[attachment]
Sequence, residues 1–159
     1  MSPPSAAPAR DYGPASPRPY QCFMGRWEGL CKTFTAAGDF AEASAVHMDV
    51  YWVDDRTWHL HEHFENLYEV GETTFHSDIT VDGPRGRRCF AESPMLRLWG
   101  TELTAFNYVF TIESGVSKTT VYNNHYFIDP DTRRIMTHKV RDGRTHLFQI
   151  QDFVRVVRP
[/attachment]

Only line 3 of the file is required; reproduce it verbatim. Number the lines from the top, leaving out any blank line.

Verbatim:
    51  YWVDDRTWHL HEHFENLYEV GETTFHSDIT VDGPRGRRCF AESPMLRLWG